Forest Park historian and author Kathryn Atwood published a new book, Code Name Pauline, in June about one of the most celebrated — and most private — female secret agents during the French Resistance of World War II.
Pearl Witherington Cornioley, who died in France in 2008 at age 94, was honored in her day for leading as many as 3,500 French Resistance fighters to sabotage the maneuvers of Nazi German soldiers before and after the D-Day landing at Normandy, in June 1944.
But Pearl, an English citizen who grew up in Paris, refused to let her story be told, for fear it would be blown out of proportion.
“Other people had sensationalized her story right after the war,” Atwood said. “The British were simultaneously horrified and fascinated to learn that women had been behind enemy lines with the Special Operations Executive (SOE).”
In the 1980s, Pearl agreed to tell her tale to a French journalist, Hervé Larroque, who published the book in French.
When Atwood was writing her previous young-adult book, Women Heroes of World War II, published May, 2012, she kept running across references to Pearl’s memoir, titled Pauline, but was unable to locate a copy.
That’s where her Francophone husband, John, came in handy. John struck up a correspondence with Larroque and acquired a copy of Pauline. There was even an English version of the manuscript, yet unpublished, but approved by Pearl.
Atwood ran the project past her editor at Chicago Review Press, who approved the book. Atwood lightly edited the manuscript, changing it from its original Q&A format by writing transitional paragraphs. She acquired never-before published photographs of Pearl and her husband, Henri Cornioley, a fellow resistance fighter.
Pearl Witherington grew up in France and had a tough childhood.
“She was forced to take responsibility at a young age with an alcoholic father,” Atwood said. “She learned to function in the midst of dysfunction.”
Her Parisian accent made her a valuable spy when she walked into the SES offices in London and volunteered. Her supervisors at the time assessed her as “cool, resourceful, extremely determined,” and “very capable and completely brave,” according to her obituary in the Independent. Her code name was “Pauline” in radio transmissions to England.
Pearl parachuted into a field in France in the dead of night in September 1943 and began a dangerous career as a courier. She traveled with false papers, masquerading as a cosmetics saleswoman.
Sometimes she delivered messages, and sometimes weapons, delivered in nighttime drops by British Air Force pilots to her undercover comrades in the north of France. Their goal: to assist with the upcoming invasion of France by English and American forces.
“They had an inkling it was coming. When D-Day finally arrived, their goal was to sabotage communication lines, cut transportation and blow up trains,” Atwood said.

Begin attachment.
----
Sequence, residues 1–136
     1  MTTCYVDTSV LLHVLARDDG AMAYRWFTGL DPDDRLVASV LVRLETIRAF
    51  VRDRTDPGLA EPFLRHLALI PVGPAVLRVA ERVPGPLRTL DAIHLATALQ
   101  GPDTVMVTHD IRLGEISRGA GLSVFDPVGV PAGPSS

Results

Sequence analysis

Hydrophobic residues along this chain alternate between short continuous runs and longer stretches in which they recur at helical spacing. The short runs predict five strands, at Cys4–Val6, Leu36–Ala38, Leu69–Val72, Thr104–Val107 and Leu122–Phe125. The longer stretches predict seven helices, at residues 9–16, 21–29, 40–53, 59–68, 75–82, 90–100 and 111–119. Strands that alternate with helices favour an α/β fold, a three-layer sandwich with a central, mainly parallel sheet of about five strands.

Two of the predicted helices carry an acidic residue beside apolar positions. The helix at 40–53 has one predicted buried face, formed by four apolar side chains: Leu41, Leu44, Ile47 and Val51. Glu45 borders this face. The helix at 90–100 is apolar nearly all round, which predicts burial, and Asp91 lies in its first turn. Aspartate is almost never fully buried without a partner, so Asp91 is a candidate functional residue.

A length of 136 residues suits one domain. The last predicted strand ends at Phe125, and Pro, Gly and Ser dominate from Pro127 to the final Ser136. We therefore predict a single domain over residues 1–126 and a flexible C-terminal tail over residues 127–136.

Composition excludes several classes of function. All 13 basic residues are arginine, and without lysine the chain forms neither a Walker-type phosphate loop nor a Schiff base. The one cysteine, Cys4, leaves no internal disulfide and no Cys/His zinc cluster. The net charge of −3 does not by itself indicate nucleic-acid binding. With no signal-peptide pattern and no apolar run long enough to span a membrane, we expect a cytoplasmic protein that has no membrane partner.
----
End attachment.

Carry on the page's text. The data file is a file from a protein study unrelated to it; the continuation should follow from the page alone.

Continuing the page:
Her commander was Squadron Leader Maurice Southgate, a fellow British citizen and old school friend from Paris. But in May, a month before D-Day, Southgate was ambushed in a Gestapo trap and was arrested. He was taken to the Buchenwald concentration camp, which he managed to survive.
Pearl suddenly was promoted to squadron leader and found herself in charge of slowing down and thwarting the Germans as they traveled toward Normandy to fight the Allies and then to impede their escape as they fled the beaches and headed west.
“Pearl herself radioed specific information to the Royal Air Force to target a train loaded with petrol headed toward Normandy,” Atwood said. “They bombed the German train and that slowed a huge group of Germans from reaching Normandy coast.”
According to her obituary, she arranged weapons drops, distributed explosives and escorted teams setting out to attack German targets. At one point, the Germans offered a 1 million franc bounty for her capture.
She and Henri narrowly escaped capture by the Nazis as they hid on the grounds of a Chateau. They survived the war and were married and had a child.
Atwood is a writer and musician who also performs in the History Singers with husband John. The group just performed their Mark Twain’s Music Box program at the DuPage County Historical Society.
Code Name Pauline is a perfect fit for Atwood, whose previous books have been written for younger readers. And she gets a kick out of watching young people find out about the history of World War II.
“I loved it!” a 10-year-old fan wrote on her Goodreads page. “I didn’t even eat or drink from when I started to when I finished it.”
Atwood is confident that her release is just what Pearl would have wanted.
“Pearl wanted young people to know that in spite of a difficult childhood, the skills she learned growing up were able to help her keep her head in a crisis. She wanted to be an example to other children growing up in harsh conditions.”